He has a massive 232k subscribers on YouTube, 111k followers on Instagram, and another 95k on Twitter, but Indian Grandmaster Vidit Gujrathi says there’s nothing he enjoys more than his personal space.
The “very private” 28-year-old took the world by storm last week, joining a very small but elite list of Indian chess stalwarts – teenagers R Praggnanandhaa, D Gukesh and Arjun Erigaisi — to beat five-time world champion Magnus Carlsen.
While he admitted it wasn’t actually his best game at the Chess Pro League and he benefitted from the Norwegian’s oversight – Carlsen missed a checkmate in three moves — Gujarathi celebrated the win proudly. When The Indian Express spoke to him post the win, he didn’t praise himself or the work that he has put in, but kept reiterating one statement: “I could manage this only because of the sacrifices of my family”.
It’s been over two decades since a very competitive six-year-old from the vineyard city of Nashik chose chess over cricket – a game he opted for only because he just couldn’t beat his father at it.
Gujarathi’s parents, both doctors, asked him to pick a sport so he could pass his time while he waited for them to come home. And they were happy he chose chess as the chances of him getting injured were almost zero and more so because the game is known to improve cognitive, memory, and math skills.
They couldn’t have anticipated how their lives would be turned around by Gujarathi’s obsession with the game – he even started to parrot out chess moves in his sleep!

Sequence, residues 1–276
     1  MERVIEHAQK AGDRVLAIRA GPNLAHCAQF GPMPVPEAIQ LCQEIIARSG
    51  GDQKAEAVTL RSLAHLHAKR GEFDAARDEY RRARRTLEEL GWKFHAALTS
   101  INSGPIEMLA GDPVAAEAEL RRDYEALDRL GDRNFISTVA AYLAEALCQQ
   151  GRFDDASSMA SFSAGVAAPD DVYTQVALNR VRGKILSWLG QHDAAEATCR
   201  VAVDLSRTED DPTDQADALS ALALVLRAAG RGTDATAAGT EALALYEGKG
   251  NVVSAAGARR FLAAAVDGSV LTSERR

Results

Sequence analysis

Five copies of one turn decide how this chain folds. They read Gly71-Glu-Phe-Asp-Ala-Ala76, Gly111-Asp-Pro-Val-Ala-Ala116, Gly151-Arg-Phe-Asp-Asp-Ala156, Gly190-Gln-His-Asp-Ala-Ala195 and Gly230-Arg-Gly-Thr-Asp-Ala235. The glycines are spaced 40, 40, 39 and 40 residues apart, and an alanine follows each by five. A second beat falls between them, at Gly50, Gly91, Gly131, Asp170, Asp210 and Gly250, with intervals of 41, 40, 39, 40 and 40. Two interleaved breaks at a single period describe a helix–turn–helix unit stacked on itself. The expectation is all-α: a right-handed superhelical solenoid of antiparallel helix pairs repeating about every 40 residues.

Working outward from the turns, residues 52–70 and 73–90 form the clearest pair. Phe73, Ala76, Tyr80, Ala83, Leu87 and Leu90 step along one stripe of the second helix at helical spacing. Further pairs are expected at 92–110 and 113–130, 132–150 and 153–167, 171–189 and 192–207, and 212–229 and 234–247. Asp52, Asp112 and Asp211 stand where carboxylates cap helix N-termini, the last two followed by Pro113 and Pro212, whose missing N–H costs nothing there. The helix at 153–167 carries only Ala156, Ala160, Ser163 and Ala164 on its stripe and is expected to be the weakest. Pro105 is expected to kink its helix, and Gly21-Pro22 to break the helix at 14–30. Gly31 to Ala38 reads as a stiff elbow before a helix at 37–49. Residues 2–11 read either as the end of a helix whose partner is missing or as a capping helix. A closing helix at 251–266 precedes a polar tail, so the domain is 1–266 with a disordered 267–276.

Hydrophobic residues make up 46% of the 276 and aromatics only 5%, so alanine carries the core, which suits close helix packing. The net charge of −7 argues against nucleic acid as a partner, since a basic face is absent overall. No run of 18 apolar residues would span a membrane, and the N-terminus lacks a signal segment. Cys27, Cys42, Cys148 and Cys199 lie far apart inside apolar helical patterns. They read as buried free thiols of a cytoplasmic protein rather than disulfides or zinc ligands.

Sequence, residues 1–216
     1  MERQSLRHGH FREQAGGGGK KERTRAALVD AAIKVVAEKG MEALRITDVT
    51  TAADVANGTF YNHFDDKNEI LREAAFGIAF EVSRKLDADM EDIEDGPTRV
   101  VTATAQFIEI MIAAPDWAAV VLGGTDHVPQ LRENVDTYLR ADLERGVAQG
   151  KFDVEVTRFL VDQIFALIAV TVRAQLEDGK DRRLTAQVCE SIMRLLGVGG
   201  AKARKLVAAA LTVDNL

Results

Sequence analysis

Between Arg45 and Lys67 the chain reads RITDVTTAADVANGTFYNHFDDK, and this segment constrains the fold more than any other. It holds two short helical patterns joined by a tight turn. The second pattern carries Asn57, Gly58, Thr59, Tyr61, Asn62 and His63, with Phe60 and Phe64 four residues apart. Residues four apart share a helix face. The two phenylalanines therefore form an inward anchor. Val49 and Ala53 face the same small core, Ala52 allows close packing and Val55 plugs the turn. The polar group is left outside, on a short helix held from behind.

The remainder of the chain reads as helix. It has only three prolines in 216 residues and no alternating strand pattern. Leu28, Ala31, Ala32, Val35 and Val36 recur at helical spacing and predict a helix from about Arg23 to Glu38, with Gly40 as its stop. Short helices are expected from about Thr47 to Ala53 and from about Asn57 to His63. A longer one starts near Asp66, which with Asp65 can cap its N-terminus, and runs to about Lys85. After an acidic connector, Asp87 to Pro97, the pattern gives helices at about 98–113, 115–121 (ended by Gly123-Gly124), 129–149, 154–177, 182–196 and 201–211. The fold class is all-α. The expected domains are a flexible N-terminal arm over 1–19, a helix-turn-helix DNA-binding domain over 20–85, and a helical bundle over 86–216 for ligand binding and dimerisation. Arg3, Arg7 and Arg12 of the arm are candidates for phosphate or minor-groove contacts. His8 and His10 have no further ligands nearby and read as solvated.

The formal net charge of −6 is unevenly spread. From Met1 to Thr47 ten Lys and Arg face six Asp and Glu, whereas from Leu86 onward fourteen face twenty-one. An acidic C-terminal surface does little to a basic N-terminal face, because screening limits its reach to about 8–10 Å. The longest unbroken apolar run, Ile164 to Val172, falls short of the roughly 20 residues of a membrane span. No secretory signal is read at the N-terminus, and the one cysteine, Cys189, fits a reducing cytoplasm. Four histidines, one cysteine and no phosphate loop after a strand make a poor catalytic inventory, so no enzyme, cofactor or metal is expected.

After he won the U-11 national championships (he subsequently won the next two age-group championships, too) and finished second at the U-12 Asian Youth Championships, his parents knew they had to do much more to support his career.
Funds were low since they had to pay for his coaching, which by no means, is cheap. They also had to pay for his travel to a myriad of tournaments in India and abroad. But they never backed out and took multiple loans to fund his dream.
There was one problem though: His parents were finding it difficult to keep up with their hectic schedules that come with being doctors.
That’s when his mom, who was a gynaecologist then, made the ultimate sacrifice — she gave up her practice to become a beauty consultant. That way, she could take leave whenever she needed or as she once put it into perspective by saying: “nobody has a beauty emergency”. Even his younger sister Vedika played a huge role in his success. Since his mother had to accompany him at events, his sister had no option but to tag along.
“There were three-day events where she had to sit in the hall for the entire day. And she did it without complaining. She still accompanies me for tournaments and brings the fun quotient,” Gujarathi says. One look at his Instagram page shows just how close the two are.